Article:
I set the address repeatedly. That is, I refer time and again to chapter and verse. I also repeat where we have been. “Now remember, we said this, and then we said this, and now we are saying this. The persons sitting in the congregation tune in and tune out — that is a part of the hearing process. If they tune back in and can’t find where we are in the text, they become frustrated because they have lost the context. So I repeat where we are throughout the sermon, hopefully enough times to pull them back in again and get them back into the flow.
Preaching: How foreign is the biblical world to the average resident of southern California? How do congregations respond to expository preaching in an age when they no longer recognize much of the Bible?
MacArthur: Well, the biblical world is exceedingly foreign to southern California — and America as a whole. There is no religious tradition. People would say to me: “You know, you are completely unrealistic in attempting to do expository preaching in a southern California context. Everybody’s into relationships, into making their world more comfortable, and you are completely out of touch!”
Our experience at Grace Community Church has proven that advice to be absolutely opposite to the truth. The more faithfully we exposit the Word of God the more powerful our ministry becomes — and we watch that happen week after week after week.
We have a baptism service every Sunday night and we baptize from five to twenty people each week. Some of this comes from listening to expository preaching but most of it is due to the fact that our people are strong in the Word and in the Lord so they reproduce themselves. We believe that the church is gathered together for worship and then scatters to evangelize.
In truth, I am not attempting to preach to the unregenerate southern Californian; I’m working to build up a church and let the church multiply. Unbelievers come to Christ every week.
Preaching: Give us a brief sketch of the history of Grace Community Church.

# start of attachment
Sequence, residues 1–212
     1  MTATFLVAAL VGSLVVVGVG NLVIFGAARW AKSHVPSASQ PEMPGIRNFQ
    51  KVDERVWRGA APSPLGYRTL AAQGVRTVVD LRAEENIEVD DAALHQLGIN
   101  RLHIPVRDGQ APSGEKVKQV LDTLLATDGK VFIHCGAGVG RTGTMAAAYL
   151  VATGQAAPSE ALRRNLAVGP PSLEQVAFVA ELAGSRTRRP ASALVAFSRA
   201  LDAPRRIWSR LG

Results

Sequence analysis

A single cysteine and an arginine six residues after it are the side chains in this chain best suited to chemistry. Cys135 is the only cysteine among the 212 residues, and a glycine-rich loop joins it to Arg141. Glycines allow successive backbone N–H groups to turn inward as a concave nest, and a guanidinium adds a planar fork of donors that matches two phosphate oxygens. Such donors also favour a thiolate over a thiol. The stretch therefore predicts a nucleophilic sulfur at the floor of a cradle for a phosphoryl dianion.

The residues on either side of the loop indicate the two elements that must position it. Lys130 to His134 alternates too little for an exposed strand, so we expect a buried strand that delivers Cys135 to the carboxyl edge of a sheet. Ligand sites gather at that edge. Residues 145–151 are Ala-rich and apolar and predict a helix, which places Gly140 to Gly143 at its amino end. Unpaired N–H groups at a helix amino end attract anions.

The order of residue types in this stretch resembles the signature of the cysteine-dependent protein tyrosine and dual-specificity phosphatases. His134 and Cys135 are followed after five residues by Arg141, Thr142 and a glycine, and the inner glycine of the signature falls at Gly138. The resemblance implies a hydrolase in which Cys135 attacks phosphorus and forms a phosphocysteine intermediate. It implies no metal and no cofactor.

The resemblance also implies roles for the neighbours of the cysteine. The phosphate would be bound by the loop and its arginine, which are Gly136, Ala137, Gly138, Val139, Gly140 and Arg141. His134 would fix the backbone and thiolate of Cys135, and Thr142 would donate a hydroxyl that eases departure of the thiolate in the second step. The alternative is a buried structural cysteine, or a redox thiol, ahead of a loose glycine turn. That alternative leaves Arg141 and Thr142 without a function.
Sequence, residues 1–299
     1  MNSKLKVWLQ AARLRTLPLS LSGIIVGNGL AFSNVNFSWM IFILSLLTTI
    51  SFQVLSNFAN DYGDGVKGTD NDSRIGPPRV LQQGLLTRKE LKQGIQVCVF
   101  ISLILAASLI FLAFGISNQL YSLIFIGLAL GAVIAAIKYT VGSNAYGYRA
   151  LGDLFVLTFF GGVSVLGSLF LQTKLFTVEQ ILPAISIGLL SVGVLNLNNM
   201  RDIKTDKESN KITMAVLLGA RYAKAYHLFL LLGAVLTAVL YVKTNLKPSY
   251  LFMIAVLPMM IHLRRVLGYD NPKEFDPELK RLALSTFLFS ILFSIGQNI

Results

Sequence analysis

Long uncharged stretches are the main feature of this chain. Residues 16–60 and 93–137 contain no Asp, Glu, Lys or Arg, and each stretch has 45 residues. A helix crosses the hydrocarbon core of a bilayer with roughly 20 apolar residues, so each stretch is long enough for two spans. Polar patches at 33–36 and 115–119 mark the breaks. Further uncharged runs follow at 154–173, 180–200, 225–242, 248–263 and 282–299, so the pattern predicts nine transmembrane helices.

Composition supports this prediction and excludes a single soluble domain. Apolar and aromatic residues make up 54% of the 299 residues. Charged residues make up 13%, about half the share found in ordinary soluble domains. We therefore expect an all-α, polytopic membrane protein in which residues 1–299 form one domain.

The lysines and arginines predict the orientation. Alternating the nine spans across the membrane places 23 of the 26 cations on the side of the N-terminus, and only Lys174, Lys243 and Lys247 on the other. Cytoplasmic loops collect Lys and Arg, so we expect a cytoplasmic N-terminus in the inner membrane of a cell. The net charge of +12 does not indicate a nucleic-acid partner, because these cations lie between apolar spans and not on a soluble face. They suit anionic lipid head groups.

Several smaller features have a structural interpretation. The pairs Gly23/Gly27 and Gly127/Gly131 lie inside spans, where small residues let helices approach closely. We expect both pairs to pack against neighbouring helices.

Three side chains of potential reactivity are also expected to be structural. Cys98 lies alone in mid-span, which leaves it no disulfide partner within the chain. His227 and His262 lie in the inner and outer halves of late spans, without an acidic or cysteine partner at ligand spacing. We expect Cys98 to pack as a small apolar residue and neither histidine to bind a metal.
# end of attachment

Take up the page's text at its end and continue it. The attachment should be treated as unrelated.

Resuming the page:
MacArthur: The church is now thirty-five years old, and I have been pastor there for twenty-two years. Grace Community Church was founded by a Methodist who had been associate pastor of another church in the San Fernando valley. He died of a heart attack and was followed by a Baptist. He also died while pastor of the church. Neither of those pastors had made enough out of theology to make any difference apparent.
At that time the church was a strong, young church in a strong, young community. They were reaching kids through a very aggressive youth ministry and the church was full of young people. When I became pastor in February 1969 the church had about 450 members but it was alive and vibrant. The church had acquired property in a very good location and it had a good profile with great visibility.
So I came when the church was thirteen years old. My goal was not really to build a church. I really didn’t have that kind of desire. My first goal was not to lose the people who were there! When a new pastor comes it is often followed by a bunch of people leaving. I said, “Lord, just keep them here.” It was a sovereign situation.
There were certain factors at work which made what I was doing particularly “on-target.” The greatest of these was the new interest in Bible study coming out of traditional Christianity. All of a sudden, people were reading the Bible and they wanted to know what it meant. The youth movement and the Jesus Movement had both taken place and there was a tremendous enthusiasm and openness about the Christian faith.
The church just took off and doubled every two years for about eight years. It went to 800, then to 1600, then to 3200 at just that kind of pace. There was no advertising, no promotion, lousy music; nothing but an incredible appetite for the teaching of the Word of God.
I would also add that I have pastored four churches in one place. The first church was that 450-member congregation which then exploded and grew. It was an exciting place where you couldn’t do anything wrong. The second church was the big church that eventually arose. People were coming in who had no experience of the growth, very little understanding of what we had been through, and they expected everything to be perfect.